If you were a child of the 80s, or had a child in the 80s, you’ll remember the public service announcements they showed on daytime television, especially Saturday morning. I occasionally use the phrase “that’s one to grow on” when a show is particularly heavy handed in presenting a lesson.
These covered a lot of topics, with many of them about the dangers of drugs. Drugs were a big deal in the 80s, and the best way to keep kids away from drugs was to make short films that told kids in no uncertain terms that drugs were bad and that bad people do them. You don’t want a fried-egg brain, do you?
I’ve forgotten most of them, but a few have become part of pop folklore. For instance, the one about the dad who confronts his son after finding drugs in his room.
This came to mind as I was thinking about habitus the other day. What is habitus? It’s habits. But why not say habits? Because latin makes it sound more profound, of course. More than that, it’s not just habits as we usually think of them, things we happen to do. Like putting my keys on the desk by the door when I get home, or forgetting to close the cabinet doors when I get a plate.
More, it’s really formational habits that shape us in a particular way. Like practicing a sport builds muscle memory so that when we play we respond without going through an intellectual process. The brain is slow, after all, and by the time it sorts through the various options and issues, everyone is on the other side of the field.
It’s the same way with morality and spirituality. In the moment, we respond. And our response reflects who we have been up to that point, what feeds into our values and priorities. Our habitus is reflected in our habits, priorities, use of time.
Why was I thinking about habitus the other day? I was reading a great book by Alan Kreider called The Patient Ferment of the Early Church, one of the best books I’ve read all year. In it, he talks about the habitus of the early Christians, how their intentional practices and rhetoric oriented them to respond with patience in the midst of a lot of chaos. That patience defined every aspect of personal and church life, allowing Christians to grow and spread in unimaginable ways.
That changed when Constantine came into power, and Kreider argues impatience became cemented into Christian habitus through the writings of Augustine. Things needed doing, heretics needed resisting, the state needed converting, and there’s no time to wait.
Impatience defines so much of Christian ministry even to our era, where everything is measured in the short term and immediate success of limited tenure ministers, who will move onward and upward as they are able. Buildings get bigger, bulletins get flashier, budgets get bloatier, numbers of all sorts of things and people (and people are often basically things) are counted and massaged.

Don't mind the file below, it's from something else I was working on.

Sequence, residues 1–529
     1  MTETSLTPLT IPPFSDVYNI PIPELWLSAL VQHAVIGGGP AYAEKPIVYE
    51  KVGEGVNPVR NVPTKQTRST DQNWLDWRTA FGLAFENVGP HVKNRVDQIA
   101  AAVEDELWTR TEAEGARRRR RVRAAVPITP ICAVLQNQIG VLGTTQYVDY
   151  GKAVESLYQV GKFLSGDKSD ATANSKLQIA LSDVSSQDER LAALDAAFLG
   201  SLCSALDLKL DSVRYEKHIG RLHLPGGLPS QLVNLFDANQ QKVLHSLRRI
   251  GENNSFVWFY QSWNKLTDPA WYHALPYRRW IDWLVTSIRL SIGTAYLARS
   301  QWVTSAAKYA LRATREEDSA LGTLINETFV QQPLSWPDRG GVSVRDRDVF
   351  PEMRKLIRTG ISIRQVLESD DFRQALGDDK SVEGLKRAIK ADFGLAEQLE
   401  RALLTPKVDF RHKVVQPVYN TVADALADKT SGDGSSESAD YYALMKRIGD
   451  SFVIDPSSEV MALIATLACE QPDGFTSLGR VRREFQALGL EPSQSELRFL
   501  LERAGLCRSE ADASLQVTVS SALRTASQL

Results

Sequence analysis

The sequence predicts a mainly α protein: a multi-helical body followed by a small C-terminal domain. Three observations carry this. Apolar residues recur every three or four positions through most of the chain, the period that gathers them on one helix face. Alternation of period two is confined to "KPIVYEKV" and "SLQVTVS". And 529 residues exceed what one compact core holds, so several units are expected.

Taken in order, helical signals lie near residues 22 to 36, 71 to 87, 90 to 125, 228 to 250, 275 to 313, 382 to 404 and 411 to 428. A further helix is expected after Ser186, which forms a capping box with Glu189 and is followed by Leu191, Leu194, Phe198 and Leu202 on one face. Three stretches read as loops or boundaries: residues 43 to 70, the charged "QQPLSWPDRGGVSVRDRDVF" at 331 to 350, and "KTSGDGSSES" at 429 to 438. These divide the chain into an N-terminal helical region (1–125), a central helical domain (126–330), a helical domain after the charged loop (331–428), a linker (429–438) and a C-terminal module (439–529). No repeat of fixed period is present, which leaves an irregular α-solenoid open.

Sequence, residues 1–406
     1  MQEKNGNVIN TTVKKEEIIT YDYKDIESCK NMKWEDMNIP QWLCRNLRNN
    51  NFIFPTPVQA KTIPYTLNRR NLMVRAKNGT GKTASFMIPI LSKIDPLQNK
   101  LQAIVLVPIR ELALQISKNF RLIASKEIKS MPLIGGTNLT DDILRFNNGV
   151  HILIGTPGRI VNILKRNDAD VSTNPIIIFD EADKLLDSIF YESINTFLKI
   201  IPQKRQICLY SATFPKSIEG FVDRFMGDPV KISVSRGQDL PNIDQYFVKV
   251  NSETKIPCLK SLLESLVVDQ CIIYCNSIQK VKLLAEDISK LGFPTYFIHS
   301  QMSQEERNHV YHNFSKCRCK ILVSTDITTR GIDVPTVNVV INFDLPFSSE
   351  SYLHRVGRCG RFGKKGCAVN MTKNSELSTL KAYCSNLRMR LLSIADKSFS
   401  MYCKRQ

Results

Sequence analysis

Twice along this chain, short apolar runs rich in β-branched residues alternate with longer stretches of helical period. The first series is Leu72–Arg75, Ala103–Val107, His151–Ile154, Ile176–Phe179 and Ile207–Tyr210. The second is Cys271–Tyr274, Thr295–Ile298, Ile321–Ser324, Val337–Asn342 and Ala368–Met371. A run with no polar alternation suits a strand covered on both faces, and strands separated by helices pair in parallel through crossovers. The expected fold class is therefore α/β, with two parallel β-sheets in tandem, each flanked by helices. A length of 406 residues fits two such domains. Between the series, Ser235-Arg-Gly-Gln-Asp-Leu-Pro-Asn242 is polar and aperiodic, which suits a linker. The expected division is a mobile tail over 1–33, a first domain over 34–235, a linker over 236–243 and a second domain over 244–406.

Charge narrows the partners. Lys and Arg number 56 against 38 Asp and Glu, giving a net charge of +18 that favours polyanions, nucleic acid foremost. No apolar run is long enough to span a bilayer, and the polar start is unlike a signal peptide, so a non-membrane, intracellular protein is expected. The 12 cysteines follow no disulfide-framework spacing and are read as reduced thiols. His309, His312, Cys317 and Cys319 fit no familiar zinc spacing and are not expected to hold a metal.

The challenge for churches becomes a budgetary bloom, where people are called to give and give and give. This then is the primary expression of spiritual service. When money becomes center, and money is used to expand property or improve facilities or hire staff–none of which are bad things–it becomes an expression of a core spiritual discipline.
Then people who want to contribute to the life of the church develop ideals about how this can happen and how to live out their own lifestyle of displayed plenty.
Money brings nice things. Those who have money get treated better and have more influence.
The odd thing is, as we build in this consumer mentality within church life, it coincides with a frustration about consumerism.
An impatient and consuming church contributes to an impatient and consuming society.
Which is me saying, it’s no use railing against consumerism in society until church growth models themselves stop being consumeristic themselves, consuming people, resources, time spent on frivolous activities.
Where did they learn it from? Not from Jesus. From impatience and societal displays of success that were intended to provoke awe and envy and competition. And the more competition there is, the more people will be willing to shop around for the best product and value. They look for that which is celebrated by those who lead the churches.
Not all churches are like this, but those who aren’t, those pastors who aren’t, feel a constant tug to just give in, because that way is the way to honor and success in the church world.
Now you know, and knowing is half the battle.